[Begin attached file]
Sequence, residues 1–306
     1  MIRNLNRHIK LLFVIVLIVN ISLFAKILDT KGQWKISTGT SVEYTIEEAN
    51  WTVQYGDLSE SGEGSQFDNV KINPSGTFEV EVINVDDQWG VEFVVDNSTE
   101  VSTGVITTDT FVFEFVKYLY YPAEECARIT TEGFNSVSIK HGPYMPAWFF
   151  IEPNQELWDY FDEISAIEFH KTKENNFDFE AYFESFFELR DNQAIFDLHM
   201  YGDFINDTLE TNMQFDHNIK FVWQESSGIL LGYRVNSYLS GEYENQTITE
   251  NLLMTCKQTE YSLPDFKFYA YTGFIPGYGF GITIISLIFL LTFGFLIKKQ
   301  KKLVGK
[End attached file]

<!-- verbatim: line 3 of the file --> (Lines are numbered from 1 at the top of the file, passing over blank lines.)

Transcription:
    51  WTVQYGDLSE SGEGSQFDNV KINPSGTFEV EVINVDDQWG VEFVVDNSTE